“The Lakes!” The children would shout from our rented Mini-Van, as we approached Waterville, Maine for our summer vacation. The first lake symbolized that we were almost at the end of our long day of traveling from Los Angeles. Every July, my husband and I traveled with our blended family of seven children in to the deepest country of the Belgrade Lakes, Maine. Unlike the coastal towns, the inland lakes do not attract the tourists in masses, mostly New Englanders, visiting camps that have been within their families for generations.
The town is a highway, consisting of a Wall Mart, a large Grocery store, and every fast food restaurant chain imaginable. But there is a little secret along this highway… Nestled quietly along the roadside, is a simple farm stand, that from the outside appears to be selling fruits and vegetables, but only the lucky that venture in, soon realize that they have entered an epicurean paradise!
When I am at my home on Orcas Island, Washington and away from the concrete jungle of Los Angeles, I morph from a well dressed city slicker to a somewhat cave-like hunter and forager.
At this time of year, I trample around the forests, looking in the ferns with my beady eyes for the first sign of fiddleheads, I watch the crocuses peep up through the ground as the blossom bursts on the apple trees; but most of my cavewoman thoughts are towards the ocean, the icy, clear ocean filled with great big fierce Dungeness crabs.
Catching crabs is my passion. This past winter, the season opened for a few weeks in December and I was out there in my little row boat, freezing rain pelting down, hardly able to find my boeys due to the rough water; my husband watching bewildered through binoculars, from our little cottage; and as I pulled up my traps to see my haul of crabs, I was happier than a child on Christmas morning.
Last week, on Martha’s Vineyard, while eating lobster on the docks of Menemsha, my 20 year old daughter asked, “Where do lobsters come from?” She always stumps me! I’m still having trouble with chickens and eggs, so I looked it up and what I found was utterly fascinating.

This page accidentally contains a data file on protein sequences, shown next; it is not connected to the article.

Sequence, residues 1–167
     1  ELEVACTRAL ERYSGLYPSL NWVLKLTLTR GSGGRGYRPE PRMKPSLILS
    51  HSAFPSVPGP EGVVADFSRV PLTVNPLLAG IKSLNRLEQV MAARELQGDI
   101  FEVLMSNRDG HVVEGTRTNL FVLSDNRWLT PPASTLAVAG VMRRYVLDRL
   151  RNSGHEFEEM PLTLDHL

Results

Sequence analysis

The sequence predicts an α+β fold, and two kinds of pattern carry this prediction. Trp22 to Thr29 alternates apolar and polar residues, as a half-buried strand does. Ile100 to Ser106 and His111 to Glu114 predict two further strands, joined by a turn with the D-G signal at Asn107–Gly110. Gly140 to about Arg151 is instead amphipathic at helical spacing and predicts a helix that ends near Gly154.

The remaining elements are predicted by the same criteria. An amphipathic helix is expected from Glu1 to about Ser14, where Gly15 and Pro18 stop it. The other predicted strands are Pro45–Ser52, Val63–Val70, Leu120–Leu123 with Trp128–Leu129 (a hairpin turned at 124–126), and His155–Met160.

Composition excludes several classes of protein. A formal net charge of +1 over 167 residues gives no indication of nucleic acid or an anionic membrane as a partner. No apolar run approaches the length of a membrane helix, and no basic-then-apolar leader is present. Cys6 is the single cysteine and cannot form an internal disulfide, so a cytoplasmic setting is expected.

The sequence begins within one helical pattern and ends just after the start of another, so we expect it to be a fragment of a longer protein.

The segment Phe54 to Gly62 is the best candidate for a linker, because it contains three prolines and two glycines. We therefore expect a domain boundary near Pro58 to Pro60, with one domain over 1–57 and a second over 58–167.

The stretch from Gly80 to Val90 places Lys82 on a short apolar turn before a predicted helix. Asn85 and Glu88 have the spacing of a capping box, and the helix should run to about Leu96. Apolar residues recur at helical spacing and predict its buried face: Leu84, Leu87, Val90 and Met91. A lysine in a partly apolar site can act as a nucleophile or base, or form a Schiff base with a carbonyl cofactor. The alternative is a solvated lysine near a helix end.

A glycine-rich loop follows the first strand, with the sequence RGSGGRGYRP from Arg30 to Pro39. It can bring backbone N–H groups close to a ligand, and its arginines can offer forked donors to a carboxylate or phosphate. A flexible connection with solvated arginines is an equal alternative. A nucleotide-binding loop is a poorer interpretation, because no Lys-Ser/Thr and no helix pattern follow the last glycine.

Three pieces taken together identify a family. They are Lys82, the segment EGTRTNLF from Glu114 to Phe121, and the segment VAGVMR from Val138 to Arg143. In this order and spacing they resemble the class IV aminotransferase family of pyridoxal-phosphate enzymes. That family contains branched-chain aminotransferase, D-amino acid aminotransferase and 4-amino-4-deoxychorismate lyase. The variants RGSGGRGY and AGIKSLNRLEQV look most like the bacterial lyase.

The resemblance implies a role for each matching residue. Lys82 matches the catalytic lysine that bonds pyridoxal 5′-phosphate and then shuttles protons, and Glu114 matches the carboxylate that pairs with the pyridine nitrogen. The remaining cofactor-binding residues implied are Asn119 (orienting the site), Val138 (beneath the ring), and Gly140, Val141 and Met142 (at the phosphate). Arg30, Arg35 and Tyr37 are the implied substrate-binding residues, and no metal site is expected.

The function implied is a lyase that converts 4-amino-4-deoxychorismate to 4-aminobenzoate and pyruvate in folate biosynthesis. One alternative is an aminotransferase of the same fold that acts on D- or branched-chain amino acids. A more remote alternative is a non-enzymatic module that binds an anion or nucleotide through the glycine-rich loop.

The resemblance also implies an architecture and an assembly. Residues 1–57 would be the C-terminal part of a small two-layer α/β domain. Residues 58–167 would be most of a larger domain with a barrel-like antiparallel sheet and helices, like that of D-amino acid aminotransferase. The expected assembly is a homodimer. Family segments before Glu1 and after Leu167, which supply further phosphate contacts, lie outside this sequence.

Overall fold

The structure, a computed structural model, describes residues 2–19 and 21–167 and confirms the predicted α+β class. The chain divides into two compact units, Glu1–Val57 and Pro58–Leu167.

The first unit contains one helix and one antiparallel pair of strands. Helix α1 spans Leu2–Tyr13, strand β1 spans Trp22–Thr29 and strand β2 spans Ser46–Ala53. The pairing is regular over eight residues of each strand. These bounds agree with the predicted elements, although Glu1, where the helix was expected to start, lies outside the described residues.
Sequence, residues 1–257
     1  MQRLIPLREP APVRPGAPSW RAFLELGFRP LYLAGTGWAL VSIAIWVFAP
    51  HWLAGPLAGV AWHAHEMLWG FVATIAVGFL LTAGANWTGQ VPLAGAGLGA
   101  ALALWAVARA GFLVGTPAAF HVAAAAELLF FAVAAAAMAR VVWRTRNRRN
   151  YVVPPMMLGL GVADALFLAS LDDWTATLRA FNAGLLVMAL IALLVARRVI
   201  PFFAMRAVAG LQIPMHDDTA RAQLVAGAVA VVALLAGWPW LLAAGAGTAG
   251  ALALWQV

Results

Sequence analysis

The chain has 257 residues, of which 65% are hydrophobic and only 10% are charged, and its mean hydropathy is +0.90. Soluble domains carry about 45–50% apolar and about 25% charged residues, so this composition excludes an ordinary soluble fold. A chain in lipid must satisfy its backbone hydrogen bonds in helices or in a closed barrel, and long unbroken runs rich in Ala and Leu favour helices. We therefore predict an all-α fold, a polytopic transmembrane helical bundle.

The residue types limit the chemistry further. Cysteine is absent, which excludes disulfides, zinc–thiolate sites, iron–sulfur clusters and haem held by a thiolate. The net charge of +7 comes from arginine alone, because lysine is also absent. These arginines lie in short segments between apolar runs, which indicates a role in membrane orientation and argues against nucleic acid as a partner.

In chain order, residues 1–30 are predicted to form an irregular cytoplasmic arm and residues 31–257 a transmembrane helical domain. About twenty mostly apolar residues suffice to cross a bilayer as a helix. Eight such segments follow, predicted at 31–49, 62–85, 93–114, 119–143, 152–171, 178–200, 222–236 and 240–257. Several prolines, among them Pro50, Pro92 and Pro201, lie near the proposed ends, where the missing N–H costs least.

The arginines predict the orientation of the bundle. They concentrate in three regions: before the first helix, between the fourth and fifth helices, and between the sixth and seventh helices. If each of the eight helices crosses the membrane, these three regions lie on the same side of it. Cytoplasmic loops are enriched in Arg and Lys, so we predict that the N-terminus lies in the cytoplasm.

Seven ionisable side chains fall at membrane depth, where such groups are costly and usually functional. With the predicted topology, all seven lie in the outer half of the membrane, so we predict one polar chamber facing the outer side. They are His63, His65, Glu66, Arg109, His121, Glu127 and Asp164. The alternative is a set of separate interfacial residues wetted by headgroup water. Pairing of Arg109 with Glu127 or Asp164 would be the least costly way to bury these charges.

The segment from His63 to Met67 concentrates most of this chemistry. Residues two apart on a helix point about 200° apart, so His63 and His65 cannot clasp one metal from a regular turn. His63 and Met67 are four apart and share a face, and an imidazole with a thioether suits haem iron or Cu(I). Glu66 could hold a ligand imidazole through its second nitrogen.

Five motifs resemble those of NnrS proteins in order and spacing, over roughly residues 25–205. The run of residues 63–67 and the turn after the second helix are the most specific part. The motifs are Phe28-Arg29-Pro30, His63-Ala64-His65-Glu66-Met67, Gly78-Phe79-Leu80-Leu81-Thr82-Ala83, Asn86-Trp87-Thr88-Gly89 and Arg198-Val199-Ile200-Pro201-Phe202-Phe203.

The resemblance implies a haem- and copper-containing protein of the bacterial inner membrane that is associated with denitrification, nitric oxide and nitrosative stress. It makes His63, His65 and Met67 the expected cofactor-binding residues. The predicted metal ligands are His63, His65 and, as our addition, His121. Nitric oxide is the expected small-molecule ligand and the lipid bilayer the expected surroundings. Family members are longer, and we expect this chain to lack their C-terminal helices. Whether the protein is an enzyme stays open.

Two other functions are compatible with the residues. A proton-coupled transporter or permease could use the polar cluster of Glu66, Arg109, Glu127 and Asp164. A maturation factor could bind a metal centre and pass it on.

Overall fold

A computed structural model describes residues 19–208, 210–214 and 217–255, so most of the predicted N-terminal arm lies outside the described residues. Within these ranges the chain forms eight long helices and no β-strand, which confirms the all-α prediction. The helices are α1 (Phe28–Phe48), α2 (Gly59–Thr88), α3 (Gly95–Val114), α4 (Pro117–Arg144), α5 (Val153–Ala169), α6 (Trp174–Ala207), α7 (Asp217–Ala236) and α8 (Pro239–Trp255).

With a characteristic similar to some humans I know, the female lobster is always attracted to the bad, dangerous alpha in the hood. The male lobster is a mean and aggressive beast. Being the most powerful fighter has earned him the respect of the other males and the pick of the females.
When the female lobster is ready to mate, she approaches alpha’s den and secretly squirts a pheromone, subtly mixed with her urine into his lair. Sensing an intruder, the male rushes to his door with his claws raised aggressively, but he is already sufficiently ruffied, and after a brief fight, the female places her claws upon the love drugged male’s head, who then obediently escorts her over the threshold of his cave.
I am half Norwegian and half Irish American. Both of my parents' families were, as you can imagine from completly different worlds.
The Norwegians were (in this order), big gardeners, big drinkers and big eaters. the Irish Americans were (in this order), big eaters and big drinkers.
My father's Norwegian siblings were very close and all lived within ten miles of each other and often had enviable drunken, delicious dinners together, always at our rambling Georgian farmhouse in Buckinghamshire, England.
As a young child (about eight or ten) and after my bedtime story, my sister, Ophelia and I would secretly, sit at the top of the stairs and clandestinely listen to my father and my aunts' laughter and their stories....
by Nancy Ellison